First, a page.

For years, we have championed the influx of developers, entrepreneurs and technology startups in the Charlotte area. After discovering Code for America chose Charlotte as one of 10 cities to work with for 2014, we were honored to host their kickoff event. It's no secret we love Charlotte. That's why we leapt at the opportunity to utilize our Space Volcano for their press event, fund raiser and supporting brigade meet up.
Code for America or "Peace Corps for Nerds"
Code for America is a non-profit organization based out of San Francisco. Each year, they select 10 cities around the country, with one goal in mind; to enhance the connection and efficiency with which governments connect to its people and them with each other. For 2014, Charlotte was accepted to become a host city. Next, three to four talented and experienced developers and designers are chosen, as Fellows, to serve the host city for the given year. Danny Whalen, Tiffany Chu, and Andrew Douglass were assigned to Charlotte.
Innovation in process?
We've talked about innovation in the past, so we can assuredly admit that Code for America is truly working to inject some innovative ideas into Charlotte. They're not looking to simply improve processes that are already in place (that may, or may not be working), they seek to epitomize what it means to connect cities offline and online. They seek to increase the openness of city related data and information. They seek to mobilize brigades of inspired individuals. Coders, designers, project managers and problem solvers who are willing to donate their skills and time to ensure the long-term success of the idea seeds planted by the Charlotte Code for America fellows.
Technology changes in government? Open data for a city?
Since the program is typically funded about 50% by it's host city, the rest of the resources come from donations, grants and gracious community partners, like the Knight Foundation. With the support of people like Susan Patterson, director the Knight foundation and District 4 City Councilman, Greg Phipps, there's a clear recognition of the possibilities Code for America will bring to Charlotte.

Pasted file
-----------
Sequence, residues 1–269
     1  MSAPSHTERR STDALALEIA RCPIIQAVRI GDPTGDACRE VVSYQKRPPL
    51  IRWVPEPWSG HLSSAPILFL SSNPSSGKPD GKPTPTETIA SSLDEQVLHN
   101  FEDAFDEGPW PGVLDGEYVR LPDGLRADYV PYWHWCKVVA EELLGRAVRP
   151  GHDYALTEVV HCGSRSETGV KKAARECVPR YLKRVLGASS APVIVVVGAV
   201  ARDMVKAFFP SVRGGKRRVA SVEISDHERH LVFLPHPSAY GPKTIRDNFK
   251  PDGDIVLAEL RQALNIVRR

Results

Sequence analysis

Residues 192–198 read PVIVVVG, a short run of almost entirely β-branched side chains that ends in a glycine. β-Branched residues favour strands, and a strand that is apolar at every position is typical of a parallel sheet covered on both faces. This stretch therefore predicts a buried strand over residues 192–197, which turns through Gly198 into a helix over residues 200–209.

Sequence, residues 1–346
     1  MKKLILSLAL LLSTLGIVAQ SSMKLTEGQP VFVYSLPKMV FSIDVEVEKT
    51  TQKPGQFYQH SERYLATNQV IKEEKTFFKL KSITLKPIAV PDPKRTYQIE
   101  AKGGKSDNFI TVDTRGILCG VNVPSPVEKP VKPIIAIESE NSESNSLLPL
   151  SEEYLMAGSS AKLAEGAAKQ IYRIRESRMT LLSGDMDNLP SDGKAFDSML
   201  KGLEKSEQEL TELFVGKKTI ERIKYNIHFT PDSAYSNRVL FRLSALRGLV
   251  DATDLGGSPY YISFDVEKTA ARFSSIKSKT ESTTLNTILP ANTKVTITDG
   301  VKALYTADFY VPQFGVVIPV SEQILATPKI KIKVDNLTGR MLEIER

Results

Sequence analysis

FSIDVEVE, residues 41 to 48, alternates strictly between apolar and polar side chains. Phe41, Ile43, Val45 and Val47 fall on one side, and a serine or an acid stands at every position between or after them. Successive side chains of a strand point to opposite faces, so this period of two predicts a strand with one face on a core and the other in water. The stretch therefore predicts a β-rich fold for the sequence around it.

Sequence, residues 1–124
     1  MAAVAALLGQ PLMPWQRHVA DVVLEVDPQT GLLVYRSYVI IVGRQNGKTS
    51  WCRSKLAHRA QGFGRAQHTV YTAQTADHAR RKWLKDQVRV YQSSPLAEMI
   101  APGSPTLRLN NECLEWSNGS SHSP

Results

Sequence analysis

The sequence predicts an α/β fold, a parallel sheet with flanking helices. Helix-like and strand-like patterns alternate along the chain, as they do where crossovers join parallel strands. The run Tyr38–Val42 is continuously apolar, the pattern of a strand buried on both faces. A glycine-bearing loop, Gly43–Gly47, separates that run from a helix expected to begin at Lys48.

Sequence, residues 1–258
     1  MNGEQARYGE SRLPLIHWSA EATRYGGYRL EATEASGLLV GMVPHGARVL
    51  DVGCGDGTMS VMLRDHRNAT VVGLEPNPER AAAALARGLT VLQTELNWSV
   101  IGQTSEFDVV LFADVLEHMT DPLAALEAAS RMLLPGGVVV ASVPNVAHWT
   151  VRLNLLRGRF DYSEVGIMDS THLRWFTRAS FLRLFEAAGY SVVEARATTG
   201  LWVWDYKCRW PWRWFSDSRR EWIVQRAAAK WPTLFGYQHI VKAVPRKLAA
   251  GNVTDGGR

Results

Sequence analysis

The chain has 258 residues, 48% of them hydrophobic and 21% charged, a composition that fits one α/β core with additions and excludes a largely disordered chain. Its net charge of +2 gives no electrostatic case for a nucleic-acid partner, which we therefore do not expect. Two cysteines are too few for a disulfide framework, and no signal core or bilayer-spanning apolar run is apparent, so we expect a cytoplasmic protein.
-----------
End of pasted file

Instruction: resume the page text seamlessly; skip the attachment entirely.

While financial support is paramount, there is also implementation and sustainability to consider. That's where Charlotte's tech startup veteran and good friend of Skookum, Jim Van Fleet comes in. He doesn't just love to code, he loves to lead and inspire other people to get involved. Guided by the belief that open data and open source create a more engaged citizenry, he is heading up the effort to extend, amplify, and support the Code for America fellows. The voluntary Code for America brigade consists of coders, designers and volunteers that will serve as an extension of the Code for America project. They will work to sustain and build on the initial efforts.
Since, the Code for America fellows only spend a total of roughly a year in each city, there is a heavy emphasis on education inside government organizations about possible solutions. Before any recommendations can even be considered, the Charlotte Code for America fellows spend several weeks assimilating throughout different areas of the city. They have weeks of intensive meetings and information gathering. They practically live at city hall for community meetings to listen for governmental challenges and blockers. They listen to what is being said at neighborhood board meetings.
The ultimate goal is for them to truly understand the essence of the host city's needs. By doing so, they are able to accurately translate those needs into actionable designs for technology improvements. In effect, setting in motion the fundamental short term changes that catapult long term growth (and improvements) of the City of Charlotte. So far, we're very impressed with what they have been able to discover and optimistically look towards the transformation potential they bring to our home. Stay up to date with the Charlotte Code for America Fellows and discover how to get involved.